11 Steamship Mutual P&I Club, provided US$ 11 million for compensation and the IOPC Fund made a further US$145 million available. In the case of the Prestige, the IOPC Fund is not able today to guarantee more than 15% of coverage for each victim, after the indemnity paid by the insurer. 17 Therefore the double-tiered regime has been recently complemented by a new fund: the International Oil Pollution Compensation Supplementary Fund. Its aim is to significantly increase the levels of compensation if compensation available through the Civil Liability Convention and the IOPC Fund should prove insufficient. The protocol establishing the Supplementary Fund was adopted in May It makes 547 million SDRs available in addition to the 203 million SDRs available from the IOPC Fund. As a result, Member States that joined this third tier will have a total amount of 750 million SDRs available to them for compensation which represents US$ 1155 million (based on a rate of exchange of 1 SDR=US $ 1.48 in September 2005). The Supplementary Fund Protocol enters into force three months after it has been ratiþed by at least eight states. These conditions were fulþlled on 3 December 2004 when Denmark, Finland, France, Germany, Ireland, Japan, Norway and Spain had all ratiþed the protocol. The Supplementary Fund will therefore come into force on 3rd March Figure 1 displays the amounts available under the new triple tier compensation regime. Figure 1 about here However, the Supplementary Fund does not respond to the main criticism levelled at the international regime: it does not appear to set sufficient incentives to reduce the risk of future oil pollution incidents and to encourage the social optimal level of prevention. When drafting the different conventions, it was considered that the compensation burden should be shared by the shipowner through the Þrst tier, as deþnedintheclc,and 17 Grey (1999) shows that, historically, insurers and the IOPC Fund have contributed in rather equitable proportion to compensation and rehabilitation up to now. 8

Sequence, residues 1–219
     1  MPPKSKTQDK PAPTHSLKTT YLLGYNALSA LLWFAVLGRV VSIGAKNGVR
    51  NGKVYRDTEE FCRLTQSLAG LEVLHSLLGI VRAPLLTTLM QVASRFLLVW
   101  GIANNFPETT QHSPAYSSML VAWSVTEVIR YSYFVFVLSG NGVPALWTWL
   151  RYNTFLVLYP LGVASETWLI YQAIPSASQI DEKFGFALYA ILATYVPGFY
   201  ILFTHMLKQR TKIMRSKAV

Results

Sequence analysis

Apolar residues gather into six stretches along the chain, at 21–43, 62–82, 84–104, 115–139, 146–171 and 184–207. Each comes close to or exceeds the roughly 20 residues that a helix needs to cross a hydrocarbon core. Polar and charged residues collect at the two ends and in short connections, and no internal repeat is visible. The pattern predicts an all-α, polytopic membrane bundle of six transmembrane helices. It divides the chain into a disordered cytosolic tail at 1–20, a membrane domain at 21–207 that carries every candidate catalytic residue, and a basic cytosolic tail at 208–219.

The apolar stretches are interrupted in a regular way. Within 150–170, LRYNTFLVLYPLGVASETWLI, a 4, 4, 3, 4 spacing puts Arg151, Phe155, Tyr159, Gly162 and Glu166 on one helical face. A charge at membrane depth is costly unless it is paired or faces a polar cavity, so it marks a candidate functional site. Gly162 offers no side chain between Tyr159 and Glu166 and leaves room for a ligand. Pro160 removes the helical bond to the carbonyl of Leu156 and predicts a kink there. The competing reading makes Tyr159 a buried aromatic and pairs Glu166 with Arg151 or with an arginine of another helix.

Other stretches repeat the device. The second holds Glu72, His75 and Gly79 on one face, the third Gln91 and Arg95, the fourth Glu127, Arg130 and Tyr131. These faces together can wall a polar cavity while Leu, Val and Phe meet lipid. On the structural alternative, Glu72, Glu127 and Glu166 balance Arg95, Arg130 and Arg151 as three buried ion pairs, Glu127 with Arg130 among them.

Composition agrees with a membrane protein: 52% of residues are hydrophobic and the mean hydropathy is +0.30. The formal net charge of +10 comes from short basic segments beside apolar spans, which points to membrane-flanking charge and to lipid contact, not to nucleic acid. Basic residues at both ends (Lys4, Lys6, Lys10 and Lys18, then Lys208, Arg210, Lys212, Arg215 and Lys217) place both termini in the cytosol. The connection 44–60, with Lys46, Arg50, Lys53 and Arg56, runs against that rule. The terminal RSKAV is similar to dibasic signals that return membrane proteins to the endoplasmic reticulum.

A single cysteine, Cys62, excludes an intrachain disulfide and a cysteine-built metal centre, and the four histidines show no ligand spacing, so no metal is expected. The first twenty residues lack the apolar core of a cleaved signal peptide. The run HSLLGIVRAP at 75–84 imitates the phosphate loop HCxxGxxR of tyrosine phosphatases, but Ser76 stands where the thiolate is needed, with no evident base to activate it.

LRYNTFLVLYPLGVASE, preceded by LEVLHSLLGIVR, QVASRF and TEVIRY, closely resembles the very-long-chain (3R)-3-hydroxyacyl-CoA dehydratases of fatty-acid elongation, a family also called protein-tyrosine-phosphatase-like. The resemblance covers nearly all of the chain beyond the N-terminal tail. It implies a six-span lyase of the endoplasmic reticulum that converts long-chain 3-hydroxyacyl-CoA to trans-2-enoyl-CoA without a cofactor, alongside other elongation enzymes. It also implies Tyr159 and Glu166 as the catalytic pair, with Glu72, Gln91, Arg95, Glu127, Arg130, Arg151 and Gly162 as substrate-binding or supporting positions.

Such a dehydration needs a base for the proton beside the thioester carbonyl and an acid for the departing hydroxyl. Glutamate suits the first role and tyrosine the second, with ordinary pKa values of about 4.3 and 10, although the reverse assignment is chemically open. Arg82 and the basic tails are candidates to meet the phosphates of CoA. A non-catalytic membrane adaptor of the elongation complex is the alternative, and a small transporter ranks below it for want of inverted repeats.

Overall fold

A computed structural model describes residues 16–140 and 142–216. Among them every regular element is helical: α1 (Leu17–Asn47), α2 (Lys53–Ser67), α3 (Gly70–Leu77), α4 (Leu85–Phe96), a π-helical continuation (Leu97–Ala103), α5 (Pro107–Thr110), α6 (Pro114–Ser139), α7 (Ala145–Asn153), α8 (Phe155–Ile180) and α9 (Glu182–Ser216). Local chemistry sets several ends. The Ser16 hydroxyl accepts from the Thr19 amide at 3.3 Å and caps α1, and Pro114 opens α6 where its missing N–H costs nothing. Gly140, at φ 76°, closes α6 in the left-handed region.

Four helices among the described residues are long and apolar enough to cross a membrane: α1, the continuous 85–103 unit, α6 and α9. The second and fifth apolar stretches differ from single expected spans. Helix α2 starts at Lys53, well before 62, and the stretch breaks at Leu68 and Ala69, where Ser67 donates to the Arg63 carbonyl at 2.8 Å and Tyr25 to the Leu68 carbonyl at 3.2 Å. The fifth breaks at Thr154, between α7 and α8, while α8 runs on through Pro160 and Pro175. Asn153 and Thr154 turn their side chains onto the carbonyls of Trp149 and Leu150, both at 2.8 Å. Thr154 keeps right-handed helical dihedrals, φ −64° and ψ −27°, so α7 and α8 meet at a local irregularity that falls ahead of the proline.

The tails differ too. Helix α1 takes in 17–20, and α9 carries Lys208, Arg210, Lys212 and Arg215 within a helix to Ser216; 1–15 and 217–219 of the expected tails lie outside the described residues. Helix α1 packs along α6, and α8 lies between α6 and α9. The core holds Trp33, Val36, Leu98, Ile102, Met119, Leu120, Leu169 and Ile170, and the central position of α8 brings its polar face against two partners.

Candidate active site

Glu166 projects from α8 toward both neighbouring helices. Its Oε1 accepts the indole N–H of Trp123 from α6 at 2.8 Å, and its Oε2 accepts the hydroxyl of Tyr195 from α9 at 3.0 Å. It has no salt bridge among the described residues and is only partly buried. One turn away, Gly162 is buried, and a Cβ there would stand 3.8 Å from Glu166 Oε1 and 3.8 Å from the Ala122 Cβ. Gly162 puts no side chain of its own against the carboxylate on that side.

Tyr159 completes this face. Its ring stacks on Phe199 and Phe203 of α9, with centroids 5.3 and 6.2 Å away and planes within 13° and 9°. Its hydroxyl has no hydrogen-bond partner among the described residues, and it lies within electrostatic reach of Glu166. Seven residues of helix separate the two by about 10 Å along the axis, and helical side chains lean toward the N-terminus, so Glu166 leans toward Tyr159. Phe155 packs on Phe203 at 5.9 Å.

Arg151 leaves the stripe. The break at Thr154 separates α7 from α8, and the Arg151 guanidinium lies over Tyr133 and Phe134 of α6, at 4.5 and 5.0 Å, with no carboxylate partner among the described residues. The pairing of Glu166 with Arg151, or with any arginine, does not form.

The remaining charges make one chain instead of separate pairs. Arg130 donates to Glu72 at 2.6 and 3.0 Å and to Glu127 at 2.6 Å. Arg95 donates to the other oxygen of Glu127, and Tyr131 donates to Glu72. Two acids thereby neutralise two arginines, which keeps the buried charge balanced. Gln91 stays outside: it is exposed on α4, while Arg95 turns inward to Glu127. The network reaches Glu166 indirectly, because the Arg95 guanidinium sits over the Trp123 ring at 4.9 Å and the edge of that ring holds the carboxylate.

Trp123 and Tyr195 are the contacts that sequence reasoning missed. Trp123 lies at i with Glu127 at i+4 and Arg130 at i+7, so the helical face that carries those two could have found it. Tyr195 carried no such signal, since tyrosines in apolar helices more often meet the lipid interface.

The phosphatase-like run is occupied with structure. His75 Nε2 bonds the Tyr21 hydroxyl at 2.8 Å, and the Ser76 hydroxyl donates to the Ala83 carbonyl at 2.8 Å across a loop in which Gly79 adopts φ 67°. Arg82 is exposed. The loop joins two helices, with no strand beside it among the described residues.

12 by the oil industry through the IOPC Fund. Although there is a direct link between compensation and the incident for the shipowner, the whole oil industry pays for each oil spill: no direct compensation between the oil owner and victims can be established. This in turn implies that charterers do not bear any liability for a speciþc incident. It is in the interest of oil companies to subcontract oil transport and there are no sufficient Þnancial incentives for them to ensure a high level of ship safety 18. Furthermore, if the shipowner is directly liable he may fail to ensure the ship is maintained properly and to ensure that appropriate safety measures are in place. This is because he is insured, at least partially, and he is also protected by the corporate limited liability rule which mostly beneþts low market value Þrms (Schmitt and Spaeter, 2005; Dionne and Spaeter, 2003). Another problem is the absence of any risk transfer system. By contributing a percentage of the aggregate loss of the IOPC Fund, oil Þrms participate in a system close to mutualization. Partial diversiþcation is obtained within the pool, but there is no transfer of risk to an agent external to the Fund, like an insurer or a Þnancial investor, despite the fact that the aggregate loss remains random after redistribution. In the next section, we put forward arguments that justify the direct use of insurance mechanisms by the oil Þrms or by the Fund. 3 The insurance issue New Þrms management of risks tries to encompass all types of risks and, for that reason, is called global risk management. Firms have to cope with numerous sources of uncertainties, linked to production processes; unanticipated market evolutions; unexpected internal organisation issues and also the existence of large risks. Large risks are often catastrophe risks. The rate of recurrence of such risks is very low but they can cause very signiþcant economic damage, irreversible ecological destruction and sometimes loss 18 See Ringleb and Wiggins (1990) who discuss the issue of subcontracting from a Þrm to another Þrm and the risk transfer induced by this operation. 9